Dissertation angst

Doug Mangum recently posted about the angst of coming up with a dissertation idea. I’m kind of in the same boat. I have had a basic topic for about a year, but my enthusiasm for it has been inconsistent. My basic quandary is that I think I could write this dissertation, but I don’t know that it is really earth shattering stuff. In a perfect world I would like to write something that would give me a niche and propel my research for the next decade or so. I guess my problem is that my interests are pretty standard so most anything I like has been picked over for the last 75 years or so.

BTW, right now I’m reading more general linguistic stuff as background so that is why I haven’t really been posting any summaries. Hopefully I can get back to posting in the next couple of weeks.

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8 Comments on “Dissertation angst”

  1. Carl Says:

    Why not post a bibliography of what you’ve been reading in general linguistics?

  2. Peter Bekins Says:

    I’m hoping to post some synthesis and bibliography as I begin to write my exploratory paper. Hopefully some feedback can help me gauge the importance of my topic as well.

  3. Carl Says:

    BTW, here are a few comments from a book I’m reading on dissertation work:

    “Although an ‘exciting’ topic…can serve as a first-stage motivator, all dissertation topics become predictably frayed, frustrating, often boring, infuriating for the writer at points down the course..one picks a dissertation topic – a relatively secondary concern – after serious commitment to the primary goal of writing a doctoral dissertation.” (Sternberg 32)

    “Only one general right reason exists [for undertaking the dissertation]: The candidate is deeply interested in his specific discipline and has every intention of pursuing a career within the field immediately upon (or at least soon after) completion of the thesis. This reason must not be confused with that of finding a ‘sexy’ or ‘in’ dissertation topic, which is a fleeting and often effervescent motivator.” (Sternberg 34)

    “Contrary to a good deal of faculty and student mythology, the dissertation topic per se is at best a secondary factor both in determining whether a candidate finishes and the troubles he experiences at different stages of research and writing.” (Sternberg 47)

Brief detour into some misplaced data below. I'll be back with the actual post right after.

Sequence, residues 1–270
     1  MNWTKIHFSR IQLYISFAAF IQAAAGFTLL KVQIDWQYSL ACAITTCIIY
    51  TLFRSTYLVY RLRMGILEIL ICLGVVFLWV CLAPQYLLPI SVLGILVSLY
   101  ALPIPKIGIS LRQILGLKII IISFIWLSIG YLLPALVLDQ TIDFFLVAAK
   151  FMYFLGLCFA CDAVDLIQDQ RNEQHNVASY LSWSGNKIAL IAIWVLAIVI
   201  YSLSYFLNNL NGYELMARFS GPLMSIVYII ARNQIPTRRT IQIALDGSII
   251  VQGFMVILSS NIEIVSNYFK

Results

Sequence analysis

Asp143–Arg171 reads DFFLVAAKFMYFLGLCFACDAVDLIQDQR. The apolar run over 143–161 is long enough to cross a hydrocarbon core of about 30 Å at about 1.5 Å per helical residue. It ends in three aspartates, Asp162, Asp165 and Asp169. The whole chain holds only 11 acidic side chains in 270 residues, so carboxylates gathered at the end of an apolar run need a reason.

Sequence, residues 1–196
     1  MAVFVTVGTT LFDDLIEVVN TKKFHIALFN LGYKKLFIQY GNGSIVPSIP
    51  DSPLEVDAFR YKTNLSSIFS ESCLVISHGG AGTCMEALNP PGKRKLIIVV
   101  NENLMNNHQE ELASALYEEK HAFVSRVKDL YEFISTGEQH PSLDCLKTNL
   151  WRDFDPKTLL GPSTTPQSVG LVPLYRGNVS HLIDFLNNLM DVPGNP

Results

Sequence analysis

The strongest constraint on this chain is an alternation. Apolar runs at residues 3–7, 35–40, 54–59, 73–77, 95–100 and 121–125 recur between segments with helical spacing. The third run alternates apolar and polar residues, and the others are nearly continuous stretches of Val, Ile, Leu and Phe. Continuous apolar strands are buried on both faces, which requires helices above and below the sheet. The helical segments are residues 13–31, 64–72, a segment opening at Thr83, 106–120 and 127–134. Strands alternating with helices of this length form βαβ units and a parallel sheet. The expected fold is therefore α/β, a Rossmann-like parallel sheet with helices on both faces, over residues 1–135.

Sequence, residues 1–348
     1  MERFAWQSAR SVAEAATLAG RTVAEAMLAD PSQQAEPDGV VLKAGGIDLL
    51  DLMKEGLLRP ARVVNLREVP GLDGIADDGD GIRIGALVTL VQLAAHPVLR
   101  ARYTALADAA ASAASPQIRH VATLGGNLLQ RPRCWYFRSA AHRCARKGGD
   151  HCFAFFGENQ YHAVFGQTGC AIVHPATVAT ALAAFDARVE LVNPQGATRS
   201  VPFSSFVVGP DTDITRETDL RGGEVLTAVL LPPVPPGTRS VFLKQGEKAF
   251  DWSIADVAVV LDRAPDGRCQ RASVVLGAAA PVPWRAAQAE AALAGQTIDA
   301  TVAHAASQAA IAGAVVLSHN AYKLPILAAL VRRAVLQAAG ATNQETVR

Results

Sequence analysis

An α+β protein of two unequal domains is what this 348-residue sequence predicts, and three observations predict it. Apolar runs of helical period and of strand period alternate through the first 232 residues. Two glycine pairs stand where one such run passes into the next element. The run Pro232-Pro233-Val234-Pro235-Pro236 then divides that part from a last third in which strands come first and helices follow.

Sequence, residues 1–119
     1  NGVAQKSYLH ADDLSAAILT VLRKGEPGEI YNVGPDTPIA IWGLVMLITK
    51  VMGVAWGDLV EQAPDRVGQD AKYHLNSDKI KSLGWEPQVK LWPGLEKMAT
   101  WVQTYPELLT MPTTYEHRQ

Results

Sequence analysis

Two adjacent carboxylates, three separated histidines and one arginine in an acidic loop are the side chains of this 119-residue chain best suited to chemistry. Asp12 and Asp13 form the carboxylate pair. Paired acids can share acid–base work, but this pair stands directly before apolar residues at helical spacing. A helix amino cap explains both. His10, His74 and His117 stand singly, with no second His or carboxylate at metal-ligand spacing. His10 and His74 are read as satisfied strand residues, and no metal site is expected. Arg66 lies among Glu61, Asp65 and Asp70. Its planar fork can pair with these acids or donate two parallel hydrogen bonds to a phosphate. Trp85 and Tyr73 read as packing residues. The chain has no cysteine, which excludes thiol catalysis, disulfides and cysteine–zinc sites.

From: David Sternberg, _How to Complete as Survive a Doctoral Dissertation_ (New York: St. Martin’s, 1981).

  4. Peter Bekins Says:

    “Although an ‘exciting’ topic…can serve as a first-stage motivator, all dissertation topics become predictably frayed, frustrating, often boring, infuriating for the writer at points down the course…

    That sounds about right. Maybe we should all start up some sort of Dissertation Therapy group to get us through. It should probably consist of drinking lots of יין ושכר

  5. Carl Says:

    Funny enough, another book I’m working through gives advice on forming writing groups (Paul J. Silvia, How to Write a Lot: A Practical Guide to Productive Academic Writing. [Washington D. C.: APA, 2007]. Only coffee is mentioned, but your idea has merit…

  6. Charles Says:


    If you haven’t already checked it out, MIT’s website has a large amount of material online for linguistics. I have found that this is also helpful for collecting bibliography.

    I’d certainly be interested in seeing what you are reading (even without synthesis!).


  7. Andrew Says:

    The president of the seminary I attended used to make the following comment: “There are two kinds of dissertations; perfect ones, and finished ones!”

    One of my OT professors said something a bit less witty but very thoughtful: “The dissertation isn’t the culmination of your academic work, Lord willing, it’s just the beginning!”

    You’ll find something. Do quality work, but focus on getting it done, then get out there and spend the time doing something earth shattering!

  8. anummabrooke Says:

    The subject matter of my dissertation was about the last thing that would set me back on it while it was in progress. Other factors (usually financial at root) were much more likely to give rise to delays.

    That said, the subject matter can have a relationship to some questions touching on time to completion: Do I have ready and immediate access to the necessary sources? Do I have faculty who are willing to take an interest? Is the topic manageable in scope?

    The siren song of a “sexy” topic is real, and we all feel it. Still, my 2¢ is that a “girl/boy next door” kind of topic may be a better fit for the LTR (long-term relationship) that is the life of an ABD.

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